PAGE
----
Virally vectored immunocontraception (VVIC) has been identified as a potential population control method for invasive vertebrate species. The technique relies on stimulation of the host immune system to suppress either the occurrence or continuation of a pregnancy. Properly designed, immunocontraceptives have the potential to be more humane and effective, while requiring less human input with regards to delivery, than current population suppression methods. Since their introduction, the impact of feral cats on Australian native wildlife has been devastating. Feral cats are responsible for killing approximately 75 million native animals every day. Controlling feral cat populations in Australia has proven to be exceptionally difficult, but it’s possible that VVIC could be used for this purpose. This thesis reviews the features of feline alphaherpesvirus 1 (FHV-1) that make it attractive for use as an immunocontraceptive vector. The thesis then describes the development of three immunocontraceptive candidate vaccines derived from FHV-1. Each candidate vaccine was engineered to contain genes essential for reproductive-related processes, specifically the feline zona pellucida subunit 3 (ZP3) and gonadotropin releasing hormone (GnRH) genes. It is predicted that viral expression of these genes will induce an immune-directed disruption of the natural activity of both genes, rendering the cat partially or fully sterile. The immunocontraceptive candidates were engineered to differ in their level of attenuation. This was achieved by codon usage bias deoptimization of the non-essential viral virulence gene thymidine kinase (TK). The TK-disrupted candidate vaccines were developed as an alternative contraceptive option to traditional surgical sterilisation, particularly for owned cats where horizontal transmission of the vaccine is not a sought-after feature. A candidate vaccine with wildtype TK was also constructed. This vaccine would be expected to retain the ability to spread horizontally and thus could be suitable for use as a self-disseminating vaccine in feral cat populations. Feral cats in Australia have long been identified as a target species that may benefit from VVIC control due to the absence of any native feline species in Australia that could be impacted by the vaccines acting in off-target species. This thesis further investigated the species specificity of FHV-1 and FHV-1 derived immunocontraceptives in vivo in a murine model and in vitro in a variety of non-feline cell lines. In the in vivo murine model, FHV-1 and the derived immunocontraceptives were unable to replicate, induce an adaptive immune response towards the reproductive antigens, or induce changes in reproductive tissues due to immune disruption of reproductive pathways. The in vitro studies in non-feline cell lines demonstrated that an FHV-1 derived immunocontraceptive was unable to infect or replicate in any of the non-feline cell lines. These results support previous observations of restriction of FHV-1 infection to the Felidae family. Finally, this thesis investigated the seroprevalence of FHV-1 in Victorian feral and domestic (owned) cats. The results indicate an overall low exposure to FHV-1 in feral cats, consistent with similar studies conducted 40 years prior. This may indicate a naIve population of feral cats where a self-disseminating VVIC could be capable of spreading efficiently due to the absence of a protective response. The VVIC candidates developed in this thesis provide preliminary insights into a novel contraceptive tool for feral and domestic owned cats in Australia. This is an important start to exploring FHV-1 based immunocontraceptives. Future in vivo studies in cats will be crucial for further development of these vaccine candidates.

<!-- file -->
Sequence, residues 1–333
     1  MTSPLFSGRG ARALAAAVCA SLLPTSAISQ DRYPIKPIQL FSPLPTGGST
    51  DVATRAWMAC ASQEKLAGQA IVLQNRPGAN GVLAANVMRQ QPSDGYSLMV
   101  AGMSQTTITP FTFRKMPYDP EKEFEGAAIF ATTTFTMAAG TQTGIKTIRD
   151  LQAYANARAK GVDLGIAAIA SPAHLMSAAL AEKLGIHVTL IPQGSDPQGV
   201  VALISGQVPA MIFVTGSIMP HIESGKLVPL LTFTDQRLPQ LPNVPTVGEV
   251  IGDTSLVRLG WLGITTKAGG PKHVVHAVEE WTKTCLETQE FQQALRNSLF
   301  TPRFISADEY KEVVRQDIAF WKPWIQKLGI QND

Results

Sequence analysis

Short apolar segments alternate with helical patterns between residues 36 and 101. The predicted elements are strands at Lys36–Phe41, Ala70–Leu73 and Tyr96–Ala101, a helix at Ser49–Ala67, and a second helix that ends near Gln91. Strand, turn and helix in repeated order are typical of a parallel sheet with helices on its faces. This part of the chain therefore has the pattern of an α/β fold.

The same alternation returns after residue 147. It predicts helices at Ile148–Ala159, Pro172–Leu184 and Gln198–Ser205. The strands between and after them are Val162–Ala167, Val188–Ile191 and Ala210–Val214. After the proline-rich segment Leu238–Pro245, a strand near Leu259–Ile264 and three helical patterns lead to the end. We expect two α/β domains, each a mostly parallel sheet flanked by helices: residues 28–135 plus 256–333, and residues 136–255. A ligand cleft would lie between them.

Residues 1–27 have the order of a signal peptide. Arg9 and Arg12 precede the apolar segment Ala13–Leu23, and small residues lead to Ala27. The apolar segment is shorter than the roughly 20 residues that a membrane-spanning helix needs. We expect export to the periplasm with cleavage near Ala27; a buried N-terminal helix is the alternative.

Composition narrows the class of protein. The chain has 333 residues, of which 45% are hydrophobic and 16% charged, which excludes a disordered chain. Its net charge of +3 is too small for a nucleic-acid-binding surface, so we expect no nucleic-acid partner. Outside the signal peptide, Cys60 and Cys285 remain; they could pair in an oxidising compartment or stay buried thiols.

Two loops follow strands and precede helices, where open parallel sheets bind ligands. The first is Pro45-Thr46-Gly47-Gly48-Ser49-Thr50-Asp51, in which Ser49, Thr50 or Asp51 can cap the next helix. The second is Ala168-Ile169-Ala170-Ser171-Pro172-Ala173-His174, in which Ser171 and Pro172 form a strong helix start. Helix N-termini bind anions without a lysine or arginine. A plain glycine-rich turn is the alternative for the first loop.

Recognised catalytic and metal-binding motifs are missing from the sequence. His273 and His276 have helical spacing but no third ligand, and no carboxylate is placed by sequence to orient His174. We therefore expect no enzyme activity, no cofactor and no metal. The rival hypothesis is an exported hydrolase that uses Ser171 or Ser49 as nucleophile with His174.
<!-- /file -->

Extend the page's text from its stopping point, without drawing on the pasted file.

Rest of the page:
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    Functional and computational approaches to understand post transcriptional regulation in parasitic protist Giardia duodenalis